Smithsonian National Museum of Natural History


Paleoecology of Mesozoic Terrestrial Ecosystems


Like many environments today, the ancient terrestrial communities of Mesozoic ecosystems were populated by a very charismatic megafauna. Like modern mammals, dinosaurs are often the “centerpiece” of reconstructions of their host ecosystem – but were neither the most diverse nor the most abundant organisms in their environments.

Since 1994, I have been studying these Mesozoic ecosystems using fossils recovered from microvertebrate sites. These localities provide rich concentrations of vertebrate fossils that appear to have accumulated over relatively short time intervals (hundreds to thousands of years) and from a geographically small area. Within Mesozoic deposits at least, many of these sites share a similar depositional history that suggests they may be broadly comparable. Thus they may represent an unusual opportunity to study Mesozoic ecosystems across space and time under broadly similar taphonomic conditions.

I am currently working on a long-term project to use these deposits to better understand the ancient environments preserved in the Late Jurassic Morrison and Early Cretaceous Cloverly formations. My recent fieldwork has produced a number of new sites that are being studied in detail.

The work typically involves identifying and bulk-sampling sites in the field, where we collect up to 1 metric ton of sediment.

Most of the sediment is screenwashed initially in the field to reduce its bulk, after which it is shipped to the NMNH for finer processing.

Once washed of sediment, the fossils are removed and identified as specifically as possible, using standard and scanning electron microscopy. This work takes place in my laboratory, often with the help of student interns.

An SEM of an amphibian jaw with teeth from the Cloverly Formation is shown below.

The result has been a significant improvement in understanding the diversity of these formations. For example, study of the Morrison Quarry 9 site demonstrated the importance of accounting for specimens as thoroughly as possible. This site has produced more than 200 specimens of mammals, representing more than 20 species, and thus the site was often interpreted in light of this high mammalian diversity.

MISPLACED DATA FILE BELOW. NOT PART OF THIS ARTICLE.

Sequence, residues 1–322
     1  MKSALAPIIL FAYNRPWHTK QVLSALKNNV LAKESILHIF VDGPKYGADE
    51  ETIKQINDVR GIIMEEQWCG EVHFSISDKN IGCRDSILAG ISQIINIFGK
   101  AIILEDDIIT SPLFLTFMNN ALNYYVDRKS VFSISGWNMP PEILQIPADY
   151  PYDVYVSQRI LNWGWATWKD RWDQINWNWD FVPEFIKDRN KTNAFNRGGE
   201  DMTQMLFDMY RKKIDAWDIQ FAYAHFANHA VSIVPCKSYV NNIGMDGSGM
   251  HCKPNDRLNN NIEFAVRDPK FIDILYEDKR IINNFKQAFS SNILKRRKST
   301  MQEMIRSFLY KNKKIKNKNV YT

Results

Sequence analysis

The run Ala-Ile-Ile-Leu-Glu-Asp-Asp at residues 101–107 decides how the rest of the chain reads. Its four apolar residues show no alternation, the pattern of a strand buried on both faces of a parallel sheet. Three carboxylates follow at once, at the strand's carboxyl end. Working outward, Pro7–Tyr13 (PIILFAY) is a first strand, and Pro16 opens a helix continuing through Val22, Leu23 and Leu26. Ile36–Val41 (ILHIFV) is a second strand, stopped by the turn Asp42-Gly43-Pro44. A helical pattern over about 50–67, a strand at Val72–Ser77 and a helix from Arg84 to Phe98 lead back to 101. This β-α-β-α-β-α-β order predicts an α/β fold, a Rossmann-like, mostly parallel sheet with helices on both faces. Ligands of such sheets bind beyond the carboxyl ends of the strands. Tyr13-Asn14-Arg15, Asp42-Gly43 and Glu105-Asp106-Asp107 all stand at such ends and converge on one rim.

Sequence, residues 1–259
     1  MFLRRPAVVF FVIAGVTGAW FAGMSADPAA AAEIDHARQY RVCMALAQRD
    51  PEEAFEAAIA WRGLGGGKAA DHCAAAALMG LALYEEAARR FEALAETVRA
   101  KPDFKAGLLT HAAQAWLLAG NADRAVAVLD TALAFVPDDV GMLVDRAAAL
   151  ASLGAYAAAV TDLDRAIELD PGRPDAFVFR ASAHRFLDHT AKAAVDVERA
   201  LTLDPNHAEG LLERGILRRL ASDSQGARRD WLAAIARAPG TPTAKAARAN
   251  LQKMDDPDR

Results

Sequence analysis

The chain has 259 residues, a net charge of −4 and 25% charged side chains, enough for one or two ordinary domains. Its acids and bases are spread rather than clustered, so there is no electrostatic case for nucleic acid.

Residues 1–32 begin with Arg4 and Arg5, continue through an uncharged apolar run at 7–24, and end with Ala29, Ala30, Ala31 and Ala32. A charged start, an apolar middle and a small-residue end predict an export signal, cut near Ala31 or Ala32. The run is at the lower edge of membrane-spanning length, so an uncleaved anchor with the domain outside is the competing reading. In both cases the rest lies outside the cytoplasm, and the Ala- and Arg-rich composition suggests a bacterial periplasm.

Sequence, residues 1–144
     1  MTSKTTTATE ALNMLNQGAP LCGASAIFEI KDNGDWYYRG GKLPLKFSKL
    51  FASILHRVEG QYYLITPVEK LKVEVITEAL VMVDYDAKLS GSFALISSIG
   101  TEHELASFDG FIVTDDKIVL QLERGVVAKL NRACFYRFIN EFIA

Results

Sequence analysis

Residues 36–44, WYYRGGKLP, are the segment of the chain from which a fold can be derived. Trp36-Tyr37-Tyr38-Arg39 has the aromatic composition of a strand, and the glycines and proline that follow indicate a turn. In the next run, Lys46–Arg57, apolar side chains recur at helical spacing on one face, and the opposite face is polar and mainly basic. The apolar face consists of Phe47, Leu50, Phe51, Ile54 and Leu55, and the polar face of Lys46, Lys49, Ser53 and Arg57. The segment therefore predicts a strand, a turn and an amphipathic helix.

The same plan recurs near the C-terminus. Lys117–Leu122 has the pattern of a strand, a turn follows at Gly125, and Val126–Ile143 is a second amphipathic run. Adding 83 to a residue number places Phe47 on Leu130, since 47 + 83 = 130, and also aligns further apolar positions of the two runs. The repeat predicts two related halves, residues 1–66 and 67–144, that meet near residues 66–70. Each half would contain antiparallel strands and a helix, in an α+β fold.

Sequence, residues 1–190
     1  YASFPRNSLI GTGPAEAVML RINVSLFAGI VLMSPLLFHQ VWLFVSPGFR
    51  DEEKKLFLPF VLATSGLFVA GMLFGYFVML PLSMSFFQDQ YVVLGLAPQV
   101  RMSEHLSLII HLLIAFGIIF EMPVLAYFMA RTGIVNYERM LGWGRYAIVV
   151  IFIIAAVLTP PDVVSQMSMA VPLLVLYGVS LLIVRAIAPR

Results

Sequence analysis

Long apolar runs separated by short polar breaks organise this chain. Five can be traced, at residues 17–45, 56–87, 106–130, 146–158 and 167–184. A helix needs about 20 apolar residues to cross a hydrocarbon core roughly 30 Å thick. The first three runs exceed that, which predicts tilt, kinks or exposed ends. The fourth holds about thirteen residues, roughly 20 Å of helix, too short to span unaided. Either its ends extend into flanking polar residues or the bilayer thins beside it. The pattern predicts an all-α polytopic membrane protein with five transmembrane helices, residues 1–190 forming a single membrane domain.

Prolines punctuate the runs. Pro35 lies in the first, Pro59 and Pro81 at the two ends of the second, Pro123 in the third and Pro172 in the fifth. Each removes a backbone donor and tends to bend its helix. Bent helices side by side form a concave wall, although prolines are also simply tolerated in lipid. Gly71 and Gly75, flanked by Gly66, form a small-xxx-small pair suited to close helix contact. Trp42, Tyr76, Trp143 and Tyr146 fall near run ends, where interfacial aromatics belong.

However, specimen abundances reveal that mammals represent only a small fraction of the total fossils.

This is similar to many other Mesozoic microvertebrate sites, even from outside the Morrison Formation. Given the potential mode of origin of the site, abundances may be more informative than taxonomic diversity for the purpose of paleoecological interpretation.

A different mode of origin may be evident at a new Morrison site that has produced hundreds of mammal, reptile, and baby dinosaur bones along with thousands of eggshell fragments. The theropod tooth below, still in a fragment of jaw, shows one of the embryonic dinosaur specimens.

Work in the Cloverly has focused on illuminating the poorly understood ecosystem. Large fossils are uncommon in the Cloverly, and so microvertebrate remains have been important in augmenting the known vertebrate diversity. At least 40 different species are present, including fishes, amphibians, crocodilians, lizards, mammals, and dinosaurs. A freshwater shark tooth is seen below.

This presents an opportunity for comparison with the Arundel Clay Facies deposits of Maryland, of similar age, which have produced microvertebrate remains as well. In the longer term, I am interested in exploring these sites in other formations.

Finally, I have begun a new project with Ray and Kristi Curry Rogers (Macalester College) to develop a new model for the origin, interpretation, and utility of microvertebrate sites in general.

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